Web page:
Both DR detection and grading are important in a way in which both provide information of a patient suffering from diabetic retinal disease. Although no cure for DR has been developed, some treatments can be applied to prevent further damage in the eye. The doctor will determine the best possible treatment according to DR severity stages. Therefore, knowing the grade of DR for a patient will help the patient with the disease and be more aware in monitoring for any changes in the body due to diabetes.


    The general process of a CNN model in classifying fundus images to 5 severity levels are explained in Figure 2. Retinal images are split into training and testing images. Then, the images are fed into the CNN model where images are resized according to the input image layer of the CNN. A CNN model consists of convolution layer, pooling layer and fully-connected layer. There is no specific quantity for how many of each type of layer are needed in a model and fundus image will be graded accordingly. Thus, the existing works that we focussed on are the usage of DL in DR grading to 5 stages which are No DR, Mild NPDR, Moderate NPDR, Severe NPDR, and PDR. A total of 20 papers that utilised CNN for DR grading have been reviewed. Table 2 displays the summary of studies that applies the CNN for DR grading as mentioned in Table 1 [8]. In Table 2, information regarding the dataset used, the number of images used; train-test split; model or architecture used, and their performance measures (area under the curve (AUC), accuracy, specificity, and sensitivity) were presented. The subsections will discuss in more detail the dataset, CNN architecture employed, and performance results achieved.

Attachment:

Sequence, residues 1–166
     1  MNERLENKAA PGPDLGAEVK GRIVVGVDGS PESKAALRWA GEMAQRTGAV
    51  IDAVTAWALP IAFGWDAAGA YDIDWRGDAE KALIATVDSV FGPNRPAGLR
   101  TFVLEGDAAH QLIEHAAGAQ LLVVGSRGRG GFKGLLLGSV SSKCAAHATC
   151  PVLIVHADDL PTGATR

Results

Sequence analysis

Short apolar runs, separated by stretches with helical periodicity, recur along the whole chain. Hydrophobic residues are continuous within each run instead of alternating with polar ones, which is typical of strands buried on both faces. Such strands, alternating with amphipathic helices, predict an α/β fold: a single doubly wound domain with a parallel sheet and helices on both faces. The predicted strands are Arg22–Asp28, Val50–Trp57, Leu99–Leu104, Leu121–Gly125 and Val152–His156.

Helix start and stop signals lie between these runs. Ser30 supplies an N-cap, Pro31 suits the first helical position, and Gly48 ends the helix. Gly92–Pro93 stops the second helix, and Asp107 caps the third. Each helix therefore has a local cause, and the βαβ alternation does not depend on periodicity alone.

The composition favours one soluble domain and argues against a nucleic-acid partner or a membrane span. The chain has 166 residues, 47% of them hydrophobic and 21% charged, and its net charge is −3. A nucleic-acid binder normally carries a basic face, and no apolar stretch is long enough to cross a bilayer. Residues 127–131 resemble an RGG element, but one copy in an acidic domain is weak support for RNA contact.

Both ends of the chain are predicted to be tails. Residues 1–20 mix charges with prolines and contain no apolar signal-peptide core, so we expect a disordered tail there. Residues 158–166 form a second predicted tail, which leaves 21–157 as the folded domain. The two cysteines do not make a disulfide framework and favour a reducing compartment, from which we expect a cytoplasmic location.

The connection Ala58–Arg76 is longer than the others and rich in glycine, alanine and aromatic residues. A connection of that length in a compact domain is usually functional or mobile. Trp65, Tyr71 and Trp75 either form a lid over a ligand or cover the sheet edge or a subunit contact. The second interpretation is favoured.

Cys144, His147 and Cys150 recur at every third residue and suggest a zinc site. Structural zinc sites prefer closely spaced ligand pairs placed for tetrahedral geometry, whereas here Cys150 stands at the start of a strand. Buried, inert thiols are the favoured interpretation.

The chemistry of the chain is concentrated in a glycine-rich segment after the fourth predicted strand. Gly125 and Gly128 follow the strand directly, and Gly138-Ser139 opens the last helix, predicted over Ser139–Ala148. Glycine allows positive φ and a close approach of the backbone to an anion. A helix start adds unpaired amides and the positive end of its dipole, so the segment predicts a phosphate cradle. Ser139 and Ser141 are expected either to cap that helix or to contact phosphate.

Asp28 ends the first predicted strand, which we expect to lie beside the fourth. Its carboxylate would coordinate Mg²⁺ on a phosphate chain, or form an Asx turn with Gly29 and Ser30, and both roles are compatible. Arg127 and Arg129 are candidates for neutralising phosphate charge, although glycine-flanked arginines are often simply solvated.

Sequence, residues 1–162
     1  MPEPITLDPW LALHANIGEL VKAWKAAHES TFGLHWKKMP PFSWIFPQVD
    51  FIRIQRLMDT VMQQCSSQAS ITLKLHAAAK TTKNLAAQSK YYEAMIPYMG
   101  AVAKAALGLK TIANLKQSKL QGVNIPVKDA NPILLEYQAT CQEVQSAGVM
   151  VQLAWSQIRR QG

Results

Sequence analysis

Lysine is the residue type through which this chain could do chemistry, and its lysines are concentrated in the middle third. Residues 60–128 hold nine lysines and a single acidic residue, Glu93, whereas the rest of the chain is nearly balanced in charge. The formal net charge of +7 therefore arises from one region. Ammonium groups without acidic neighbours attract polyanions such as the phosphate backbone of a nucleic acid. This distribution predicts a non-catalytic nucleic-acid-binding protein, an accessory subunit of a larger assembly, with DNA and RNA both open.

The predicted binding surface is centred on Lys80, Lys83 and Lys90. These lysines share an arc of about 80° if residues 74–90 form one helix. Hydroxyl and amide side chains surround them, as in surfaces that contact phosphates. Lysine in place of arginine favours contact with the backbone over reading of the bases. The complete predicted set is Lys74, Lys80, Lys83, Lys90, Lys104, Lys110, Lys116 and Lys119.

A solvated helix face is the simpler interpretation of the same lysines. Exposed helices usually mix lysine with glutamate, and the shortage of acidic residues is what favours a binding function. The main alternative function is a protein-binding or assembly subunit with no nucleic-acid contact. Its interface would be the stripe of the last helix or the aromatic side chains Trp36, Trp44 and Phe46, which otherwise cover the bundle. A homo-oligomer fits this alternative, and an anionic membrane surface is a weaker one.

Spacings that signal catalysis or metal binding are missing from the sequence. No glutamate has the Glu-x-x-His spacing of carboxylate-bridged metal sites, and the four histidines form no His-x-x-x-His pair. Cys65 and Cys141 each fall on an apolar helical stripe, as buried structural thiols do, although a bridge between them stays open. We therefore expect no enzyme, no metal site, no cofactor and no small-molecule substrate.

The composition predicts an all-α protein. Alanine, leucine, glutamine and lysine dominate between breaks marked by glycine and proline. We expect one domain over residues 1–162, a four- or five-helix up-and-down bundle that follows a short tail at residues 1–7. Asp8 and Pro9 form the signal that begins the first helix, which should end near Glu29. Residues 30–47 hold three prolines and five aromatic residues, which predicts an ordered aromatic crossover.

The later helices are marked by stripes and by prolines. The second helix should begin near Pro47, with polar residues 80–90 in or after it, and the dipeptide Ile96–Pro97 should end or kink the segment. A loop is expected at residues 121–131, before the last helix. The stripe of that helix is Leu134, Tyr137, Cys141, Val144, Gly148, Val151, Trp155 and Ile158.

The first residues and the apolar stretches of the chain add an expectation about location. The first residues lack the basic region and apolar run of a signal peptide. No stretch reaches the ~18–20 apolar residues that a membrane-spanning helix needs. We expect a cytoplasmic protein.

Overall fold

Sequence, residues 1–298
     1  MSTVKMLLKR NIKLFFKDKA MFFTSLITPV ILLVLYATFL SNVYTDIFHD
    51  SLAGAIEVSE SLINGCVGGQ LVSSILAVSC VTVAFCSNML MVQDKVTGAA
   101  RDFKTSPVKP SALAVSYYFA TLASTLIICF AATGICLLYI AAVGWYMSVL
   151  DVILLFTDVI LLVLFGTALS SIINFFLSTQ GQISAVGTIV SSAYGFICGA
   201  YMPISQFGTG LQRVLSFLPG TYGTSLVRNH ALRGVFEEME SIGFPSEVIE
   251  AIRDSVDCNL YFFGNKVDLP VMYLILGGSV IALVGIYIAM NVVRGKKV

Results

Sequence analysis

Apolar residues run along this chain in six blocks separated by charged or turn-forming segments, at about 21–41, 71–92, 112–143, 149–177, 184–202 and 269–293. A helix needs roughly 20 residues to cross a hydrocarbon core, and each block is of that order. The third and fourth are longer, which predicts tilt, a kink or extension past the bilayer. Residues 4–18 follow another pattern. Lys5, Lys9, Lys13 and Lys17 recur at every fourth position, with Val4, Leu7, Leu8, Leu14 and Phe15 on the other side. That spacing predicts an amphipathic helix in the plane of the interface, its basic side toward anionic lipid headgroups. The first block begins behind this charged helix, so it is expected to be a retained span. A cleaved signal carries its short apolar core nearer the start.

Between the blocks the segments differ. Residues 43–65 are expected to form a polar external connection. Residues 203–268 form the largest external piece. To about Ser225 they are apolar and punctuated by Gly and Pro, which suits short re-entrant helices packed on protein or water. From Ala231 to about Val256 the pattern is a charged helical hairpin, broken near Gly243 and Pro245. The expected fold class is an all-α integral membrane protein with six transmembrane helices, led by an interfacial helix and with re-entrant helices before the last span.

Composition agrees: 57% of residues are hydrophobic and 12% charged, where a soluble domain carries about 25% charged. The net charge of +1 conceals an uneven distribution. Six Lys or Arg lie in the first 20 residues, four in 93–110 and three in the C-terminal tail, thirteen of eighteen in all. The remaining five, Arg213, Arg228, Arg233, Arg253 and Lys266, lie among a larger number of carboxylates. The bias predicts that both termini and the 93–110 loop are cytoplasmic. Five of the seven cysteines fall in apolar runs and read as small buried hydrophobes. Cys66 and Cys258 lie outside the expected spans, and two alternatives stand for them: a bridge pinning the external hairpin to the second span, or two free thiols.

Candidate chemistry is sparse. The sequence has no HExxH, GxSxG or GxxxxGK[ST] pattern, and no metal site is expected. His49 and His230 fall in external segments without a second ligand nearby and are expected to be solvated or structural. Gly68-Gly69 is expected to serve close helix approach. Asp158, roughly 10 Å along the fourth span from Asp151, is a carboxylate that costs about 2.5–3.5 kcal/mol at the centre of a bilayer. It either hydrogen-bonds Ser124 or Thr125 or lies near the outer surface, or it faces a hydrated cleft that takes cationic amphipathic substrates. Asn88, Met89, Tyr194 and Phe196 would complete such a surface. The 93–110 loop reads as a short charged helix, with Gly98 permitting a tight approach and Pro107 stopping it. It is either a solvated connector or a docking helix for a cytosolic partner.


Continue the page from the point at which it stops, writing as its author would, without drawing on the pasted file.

Details are in the caption following the image

    Deep Learning (DL) process in classifying images to 5 severity levels